Sept. 15, 1945
Sixty-seven years ago this week, the Army established the Army Security Agency, or ASA. During World War II, control of communications intelligence collection assets had been split between the Signal Security Agency and the theater commanders. This arrangement had created significant problems, since it was impossible to neatly separate the tactical aspects of communications intelligence from the strategic ones. Consequently, on Sept. 15, 1945, the Signal Security Agency was separated from the Signal Corps and became ASA, assuming command of all signals intelligence units and personnel in the Army.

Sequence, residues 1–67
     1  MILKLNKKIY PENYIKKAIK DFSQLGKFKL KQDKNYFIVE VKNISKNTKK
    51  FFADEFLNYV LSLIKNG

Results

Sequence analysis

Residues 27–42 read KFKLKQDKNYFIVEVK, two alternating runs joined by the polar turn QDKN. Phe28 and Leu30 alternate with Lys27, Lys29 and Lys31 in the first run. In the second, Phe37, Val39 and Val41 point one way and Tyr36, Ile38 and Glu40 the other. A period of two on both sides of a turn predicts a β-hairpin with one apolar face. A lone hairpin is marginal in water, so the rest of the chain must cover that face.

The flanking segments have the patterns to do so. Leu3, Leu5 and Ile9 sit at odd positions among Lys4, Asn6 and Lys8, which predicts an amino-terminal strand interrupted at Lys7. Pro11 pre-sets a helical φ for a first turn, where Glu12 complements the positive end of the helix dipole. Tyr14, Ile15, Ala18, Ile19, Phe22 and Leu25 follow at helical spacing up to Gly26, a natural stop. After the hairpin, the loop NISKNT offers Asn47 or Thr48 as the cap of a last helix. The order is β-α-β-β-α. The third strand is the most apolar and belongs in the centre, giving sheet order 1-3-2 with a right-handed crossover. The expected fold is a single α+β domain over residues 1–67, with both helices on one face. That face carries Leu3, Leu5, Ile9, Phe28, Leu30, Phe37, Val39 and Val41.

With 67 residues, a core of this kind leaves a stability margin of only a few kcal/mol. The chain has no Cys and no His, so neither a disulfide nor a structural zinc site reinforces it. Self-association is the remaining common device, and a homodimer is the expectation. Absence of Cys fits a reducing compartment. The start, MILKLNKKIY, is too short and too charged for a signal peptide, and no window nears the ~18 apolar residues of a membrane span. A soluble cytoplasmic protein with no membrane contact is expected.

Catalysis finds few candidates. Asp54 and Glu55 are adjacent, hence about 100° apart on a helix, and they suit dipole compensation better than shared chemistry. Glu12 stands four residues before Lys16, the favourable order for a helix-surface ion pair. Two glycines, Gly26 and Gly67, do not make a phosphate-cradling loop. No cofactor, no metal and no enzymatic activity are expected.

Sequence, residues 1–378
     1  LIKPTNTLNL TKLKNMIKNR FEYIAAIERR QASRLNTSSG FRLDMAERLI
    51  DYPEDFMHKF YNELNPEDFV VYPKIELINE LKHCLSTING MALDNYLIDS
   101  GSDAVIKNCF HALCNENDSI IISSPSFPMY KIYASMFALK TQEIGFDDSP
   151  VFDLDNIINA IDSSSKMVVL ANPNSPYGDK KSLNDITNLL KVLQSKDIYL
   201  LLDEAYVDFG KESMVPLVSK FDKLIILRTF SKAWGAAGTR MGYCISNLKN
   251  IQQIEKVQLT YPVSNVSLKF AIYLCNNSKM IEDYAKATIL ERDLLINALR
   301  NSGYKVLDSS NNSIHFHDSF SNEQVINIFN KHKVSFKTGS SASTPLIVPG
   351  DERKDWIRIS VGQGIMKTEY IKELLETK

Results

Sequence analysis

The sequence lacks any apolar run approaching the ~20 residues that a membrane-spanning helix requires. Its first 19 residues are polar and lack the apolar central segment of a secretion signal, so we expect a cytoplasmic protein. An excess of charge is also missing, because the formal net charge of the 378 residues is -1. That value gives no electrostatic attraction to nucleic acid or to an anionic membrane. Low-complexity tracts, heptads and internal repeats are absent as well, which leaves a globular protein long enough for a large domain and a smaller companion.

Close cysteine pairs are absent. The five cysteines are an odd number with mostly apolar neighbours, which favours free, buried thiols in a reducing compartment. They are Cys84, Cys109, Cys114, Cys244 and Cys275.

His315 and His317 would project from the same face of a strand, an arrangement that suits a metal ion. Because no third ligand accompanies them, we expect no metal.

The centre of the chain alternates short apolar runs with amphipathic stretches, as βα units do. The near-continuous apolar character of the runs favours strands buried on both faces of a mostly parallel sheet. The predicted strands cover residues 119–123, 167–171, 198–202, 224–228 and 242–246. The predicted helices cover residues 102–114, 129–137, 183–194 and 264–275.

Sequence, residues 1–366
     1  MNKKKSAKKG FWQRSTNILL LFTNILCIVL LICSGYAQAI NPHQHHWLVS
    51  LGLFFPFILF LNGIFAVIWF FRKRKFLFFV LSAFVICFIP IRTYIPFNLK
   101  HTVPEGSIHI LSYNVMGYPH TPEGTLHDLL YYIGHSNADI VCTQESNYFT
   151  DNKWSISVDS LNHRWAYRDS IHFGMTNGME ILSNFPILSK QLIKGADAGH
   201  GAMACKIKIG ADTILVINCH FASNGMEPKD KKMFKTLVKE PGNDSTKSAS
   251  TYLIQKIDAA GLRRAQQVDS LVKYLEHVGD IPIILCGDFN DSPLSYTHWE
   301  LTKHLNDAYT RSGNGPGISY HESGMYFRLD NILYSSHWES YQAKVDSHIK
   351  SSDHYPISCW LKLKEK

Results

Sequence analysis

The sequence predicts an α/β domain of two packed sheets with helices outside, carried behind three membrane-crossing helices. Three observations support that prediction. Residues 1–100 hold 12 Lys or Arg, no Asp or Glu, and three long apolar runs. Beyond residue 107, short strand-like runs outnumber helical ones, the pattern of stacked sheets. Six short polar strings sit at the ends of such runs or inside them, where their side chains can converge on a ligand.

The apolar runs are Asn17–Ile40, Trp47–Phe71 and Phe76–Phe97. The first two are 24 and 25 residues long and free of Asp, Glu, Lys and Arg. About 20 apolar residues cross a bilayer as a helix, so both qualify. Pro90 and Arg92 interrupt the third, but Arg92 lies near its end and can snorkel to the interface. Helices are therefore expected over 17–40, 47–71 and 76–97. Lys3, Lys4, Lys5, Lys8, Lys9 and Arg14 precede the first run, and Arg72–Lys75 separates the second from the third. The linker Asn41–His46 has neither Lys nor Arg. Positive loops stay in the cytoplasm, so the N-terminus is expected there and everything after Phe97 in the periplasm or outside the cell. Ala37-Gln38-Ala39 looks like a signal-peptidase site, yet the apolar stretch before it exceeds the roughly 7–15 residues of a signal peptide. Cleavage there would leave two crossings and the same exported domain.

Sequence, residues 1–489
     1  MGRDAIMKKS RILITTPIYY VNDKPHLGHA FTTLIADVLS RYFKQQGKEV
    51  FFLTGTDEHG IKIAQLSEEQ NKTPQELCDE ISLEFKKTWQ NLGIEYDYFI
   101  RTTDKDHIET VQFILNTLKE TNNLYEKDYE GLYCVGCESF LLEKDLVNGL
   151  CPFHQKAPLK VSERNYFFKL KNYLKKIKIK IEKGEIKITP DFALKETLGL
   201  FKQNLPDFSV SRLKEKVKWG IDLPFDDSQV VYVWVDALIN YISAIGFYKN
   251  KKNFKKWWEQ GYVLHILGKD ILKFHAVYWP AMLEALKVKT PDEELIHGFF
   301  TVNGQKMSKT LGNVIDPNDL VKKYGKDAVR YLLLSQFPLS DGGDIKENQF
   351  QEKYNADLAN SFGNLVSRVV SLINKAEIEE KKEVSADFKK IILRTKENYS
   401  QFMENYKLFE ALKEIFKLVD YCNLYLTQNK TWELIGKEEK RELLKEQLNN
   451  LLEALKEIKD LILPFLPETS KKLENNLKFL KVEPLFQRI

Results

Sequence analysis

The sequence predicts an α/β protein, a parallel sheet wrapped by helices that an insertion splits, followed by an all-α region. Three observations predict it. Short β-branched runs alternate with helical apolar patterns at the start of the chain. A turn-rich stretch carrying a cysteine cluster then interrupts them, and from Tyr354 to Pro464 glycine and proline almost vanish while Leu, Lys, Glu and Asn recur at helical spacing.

The agency’s primary collection assets were a number of large fixed field stations that stretched from the U.S. to Germany to Turkey and Africa to the Pacific. Supplementing these resources, smaller mobile formations operated from semi-fixed locations.
Over the ensuing decade, ASA became the largest Army intelligence organization. It exercised tight control over its overseas elements through large regional headquarters in Germany and the Pacific, but processing and direction were centralized at its Arlington Hall headquarters, near Washington.
“This Week in History” is a feature on the Command History Office website. Those with AKO access can check out their site, https://ikn.army.mil/apps/mi_history/.
To learn more about the 2012 MI Branch and Corps Commemoration, go to the public website, https://www.ikn.army.mil/apps/mi_comm/.